Paul Brodeur

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Paul Brodeur
Born (1931-05-16) May 16, 1931 (age 83)
Boston, Massachusetts
Occupation Writer, novelist
Genres Fiction, science

Paul Brodeur (born May 16, 1931, in Boston, Massachusetts) is an investigative science writer and author, whose writings have appeared in The New Yorker, where he began as a staff writer in 1958. He lives in Cape Cod. For nearly two decades he researched and wrote about the health hazards of asbestos. He has also written about the dangers of household detergents, the depletion of the ozone layer, microwave radiation and electromagnetic fields from power lines. In 1992 he donated 300 boxes of papers accumulated during his research to the New York Public Library. In 2010 he was informed that the NYPL had finished culling the papers it chose to retain in its collection. Brodeur publicly objected, stating that the materials to be removed were essential to understanding his investigative process. Science writer Gary Taubes has said Brodeur's writings on electromagnetic radiation are part of what inspired him to switch from writing about bad practices in physics to epidemiology and public health.

Brodeur's short stories have appeared in The New Yorker, The Saturday Evening Post, and Show Magazine. His 1970 novel The Stunt Man inspired the Academy-Award nominated 1980 film of the same name starring Peter O'Toole as an egotistical movie director.[1]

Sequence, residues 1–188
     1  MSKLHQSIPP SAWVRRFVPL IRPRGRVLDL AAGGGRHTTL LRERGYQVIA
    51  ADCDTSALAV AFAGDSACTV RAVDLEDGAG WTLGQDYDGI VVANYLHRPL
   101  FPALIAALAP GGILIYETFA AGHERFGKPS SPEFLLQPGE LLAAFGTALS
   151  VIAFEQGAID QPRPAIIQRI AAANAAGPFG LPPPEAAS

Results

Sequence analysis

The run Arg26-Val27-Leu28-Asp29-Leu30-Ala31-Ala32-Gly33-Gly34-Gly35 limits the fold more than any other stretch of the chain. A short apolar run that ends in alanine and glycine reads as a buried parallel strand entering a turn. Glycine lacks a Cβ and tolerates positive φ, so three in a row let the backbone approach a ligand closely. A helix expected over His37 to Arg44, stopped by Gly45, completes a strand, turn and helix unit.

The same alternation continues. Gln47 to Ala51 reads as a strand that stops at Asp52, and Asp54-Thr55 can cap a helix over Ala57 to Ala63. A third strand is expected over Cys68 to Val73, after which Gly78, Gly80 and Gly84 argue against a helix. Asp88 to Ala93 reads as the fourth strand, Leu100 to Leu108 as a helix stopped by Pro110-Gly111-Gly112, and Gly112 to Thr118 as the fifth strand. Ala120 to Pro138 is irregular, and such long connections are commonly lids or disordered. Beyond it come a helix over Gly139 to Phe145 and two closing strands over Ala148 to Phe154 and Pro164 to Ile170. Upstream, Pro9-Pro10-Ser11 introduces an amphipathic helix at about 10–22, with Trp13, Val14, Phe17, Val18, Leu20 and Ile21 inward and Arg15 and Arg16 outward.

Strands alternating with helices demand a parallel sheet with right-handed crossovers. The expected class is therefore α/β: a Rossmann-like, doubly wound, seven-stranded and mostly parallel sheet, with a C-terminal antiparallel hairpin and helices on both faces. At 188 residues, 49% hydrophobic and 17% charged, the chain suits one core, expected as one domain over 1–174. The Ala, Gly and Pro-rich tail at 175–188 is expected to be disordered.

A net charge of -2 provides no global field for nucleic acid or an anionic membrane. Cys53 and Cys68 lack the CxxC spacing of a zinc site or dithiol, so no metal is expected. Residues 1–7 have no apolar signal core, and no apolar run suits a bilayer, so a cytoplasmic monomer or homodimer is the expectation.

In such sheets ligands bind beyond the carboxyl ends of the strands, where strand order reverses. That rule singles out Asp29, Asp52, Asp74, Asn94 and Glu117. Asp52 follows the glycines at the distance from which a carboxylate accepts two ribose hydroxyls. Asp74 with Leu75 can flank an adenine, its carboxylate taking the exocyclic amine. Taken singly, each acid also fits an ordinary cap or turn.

Bibliography[edit]

  • The Sick Fox (novel) – 1963
  • The Stunt Man (novel) – 1970
  • Downstream (novel) – 1972
  • Asbestos & Enzymes – 1972
  • Expendable Americans – 1974
  • The Zapping of America: Microwaves, Their Deadly Risk, and the Coverup – 1977
  • The Asbestos Hazard – 1980
  • Outrageus Misconduct: the Asbestos Industry on Trial – 1985
  • Restitution: The Land Claims of the Mashpee, Passamaquoddy, and Penobscot Indians of New England – 1985
  • Currents of Death – 1989
  • The Great Power-Line Cover-Up: How the Utilities and Government Are Trying to Hide the Cancer Hazard Posed by Electromagnetic Fields – 1993
  • Secrets: A Writer in the Cold War – 1997

References[edit]

  1. ^ Janet Maslin (October 17, 1980). "The Stunt Man". The New York Times. Retrieved November 3, 2007. 

External links[edit]